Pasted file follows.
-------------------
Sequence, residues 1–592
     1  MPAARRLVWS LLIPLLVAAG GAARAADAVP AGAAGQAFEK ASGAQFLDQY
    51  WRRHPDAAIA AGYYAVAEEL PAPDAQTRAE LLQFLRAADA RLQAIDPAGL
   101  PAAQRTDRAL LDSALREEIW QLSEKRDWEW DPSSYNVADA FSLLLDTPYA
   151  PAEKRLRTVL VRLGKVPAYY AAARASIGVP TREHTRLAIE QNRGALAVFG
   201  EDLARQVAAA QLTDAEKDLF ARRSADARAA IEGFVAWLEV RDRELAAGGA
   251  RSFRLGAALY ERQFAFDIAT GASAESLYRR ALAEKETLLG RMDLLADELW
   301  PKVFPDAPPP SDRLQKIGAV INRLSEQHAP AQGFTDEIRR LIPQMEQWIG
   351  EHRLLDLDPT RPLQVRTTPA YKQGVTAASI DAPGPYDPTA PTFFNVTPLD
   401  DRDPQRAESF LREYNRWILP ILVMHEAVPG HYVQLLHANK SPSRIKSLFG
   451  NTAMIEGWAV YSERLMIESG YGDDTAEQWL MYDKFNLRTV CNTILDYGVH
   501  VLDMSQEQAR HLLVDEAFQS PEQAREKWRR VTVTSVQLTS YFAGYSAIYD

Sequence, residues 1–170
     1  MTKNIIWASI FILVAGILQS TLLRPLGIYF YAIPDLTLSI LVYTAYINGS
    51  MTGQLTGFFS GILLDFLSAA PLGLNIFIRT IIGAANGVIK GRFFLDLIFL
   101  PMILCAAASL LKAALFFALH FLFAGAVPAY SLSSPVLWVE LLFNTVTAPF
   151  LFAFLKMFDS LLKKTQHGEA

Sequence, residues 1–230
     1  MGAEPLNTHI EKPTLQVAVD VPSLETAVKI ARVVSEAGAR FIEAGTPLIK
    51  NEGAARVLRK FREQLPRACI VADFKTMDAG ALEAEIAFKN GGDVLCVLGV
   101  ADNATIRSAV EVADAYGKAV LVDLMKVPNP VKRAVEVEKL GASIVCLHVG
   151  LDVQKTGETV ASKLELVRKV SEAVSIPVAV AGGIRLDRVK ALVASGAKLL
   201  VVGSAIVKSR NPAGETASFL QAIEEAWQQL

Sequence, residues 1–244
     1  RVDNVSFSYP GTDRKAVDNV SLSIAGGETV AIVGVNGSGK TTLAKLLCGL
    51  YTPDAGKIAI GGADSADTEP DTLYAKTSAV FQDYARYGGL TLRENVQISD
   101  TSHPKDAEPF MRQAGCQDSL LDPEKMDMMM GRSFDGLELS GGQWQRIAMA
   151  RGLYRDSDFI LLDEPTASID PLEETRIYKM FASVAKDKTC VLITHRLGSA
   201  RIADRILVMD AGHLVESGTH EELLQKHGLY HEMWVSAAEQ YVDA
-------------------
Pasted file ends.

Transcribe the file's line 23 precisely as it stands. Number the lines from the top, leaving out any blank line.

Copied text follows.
   201  VVGSAIVKSR NPAGETASFL QAIEEAWQQL